Earlier this month, the U.S. Court of Appeals for the Federal Circuit in Washington turned down RIM’s request to rehear a patent infringement case against the company en banc or before all 12 judges, leaving RIM open to the possibility of an injunction against the sales of its BlackBerry communications products in the U.S. A panel of three of the court’s judges upheld a previous ruling in August that found RIM had infringed on patents held by NTP.“It’s always a long shot to ask all of the (Federal Circuit) to come and sit in a huge panel to consider a dispute over a particular infringement,” said Simon Chester, partner at Toronto-based law firm Heenan Blaikie LLP.
With the odds stacked against it, RIM said it will ask the U.S. Supreme Court to review the appeal court’s August decision. That, however, won’t be easy given the U.S. Supreme Court turns down four out of every five cases that come to it and it usually takes only one or two patent cases per year, said Chester.
While RIM may be losing the legal battle, the U.S. Patent Trade Office recently rejected all claims of remaining NTP patents, making RIM’s case a little easier to plead to the country’s top court.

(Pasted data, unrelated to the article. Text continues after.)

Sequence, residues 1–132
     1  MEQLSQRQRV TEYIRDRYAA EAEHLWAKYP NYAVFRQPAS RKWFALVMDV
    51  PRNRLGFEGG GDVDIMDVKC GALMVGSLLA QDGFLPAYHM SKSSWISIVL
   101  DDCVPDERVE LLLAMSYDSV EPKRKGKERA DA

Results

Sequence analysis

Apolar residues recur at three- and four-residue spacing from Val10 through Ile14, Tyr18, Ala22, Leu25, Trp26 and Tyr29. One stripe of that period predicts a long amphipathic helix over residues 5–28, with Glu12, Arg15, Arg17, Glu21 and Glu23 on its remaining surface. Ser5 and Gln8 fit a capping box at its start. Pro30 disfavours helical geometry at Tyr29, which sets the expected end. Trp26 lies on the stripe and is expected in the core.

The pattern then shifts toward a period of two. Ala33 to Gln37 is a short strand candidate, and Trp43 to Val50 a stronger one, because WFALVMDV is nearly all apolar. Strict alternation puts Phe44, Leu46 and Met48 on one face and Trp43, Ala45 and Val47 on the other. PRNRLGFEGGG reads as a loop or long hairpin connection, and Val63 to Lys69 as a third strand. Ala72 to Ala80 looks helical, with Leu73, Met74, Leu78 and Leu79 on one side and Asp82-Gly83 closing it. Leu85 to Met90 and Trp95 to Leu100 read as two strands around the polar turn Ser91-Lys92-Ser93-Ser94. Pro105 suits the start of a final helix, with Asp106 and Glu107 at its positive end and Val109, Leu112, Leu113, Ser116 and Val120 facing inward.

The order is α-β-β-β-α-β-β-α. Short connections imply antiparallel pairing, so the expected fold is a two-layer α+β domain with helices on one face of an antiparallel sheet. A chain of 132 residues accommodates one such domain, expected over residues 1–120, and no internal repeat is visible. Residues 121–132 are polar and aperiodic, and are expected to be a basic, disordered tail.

“It says the body in the U.S. system that looks at patents has some serious questions about whether NTP has anything worth patenting,” said Chester. “It’s now up to NTP to challenge that and say the Patent Office is getting this wrong, our stuff really is original, our stuff is useful, and our stuff really did represent innovation in wireless technology and we are entitled to the patents.”
James Hurst, partner at Winston & Strawn LLP in Chicago, however, points out that the PTO almost always rejects patents in first office actions, which means a future decision could go either way.
“Ultimately whether the PTO is going to reject all the claims that RIM has been judged to infringe it doesn’t seem likely to me,” said Hurst.
In the meantime, both Chester and Hurst expect NTP to ask the federal court to impose an injunction on RIM, which under other circumstances, would be a foregone conclusion.
“(NTP) is entitled to its injunction,” said Hurst. “It would be an abuse of discretion for a district court to not issue an injunction under these circumstances. It would be unfair to keep us (RIM) off the market when there’s this cloud over NTP’s patents.”
Given that the U.S. accounts for the majority of RIM’s total sales and with established and newer entrants into the mobile device market, RIM stands to lose a lot, said Yankee Group wireless analyst John Jackson. “This issue is an albatross for RIM,” said Jackson. “It has had the effect of forestalling significant partnership-oriented initiatives that otherwise might now be in place.”

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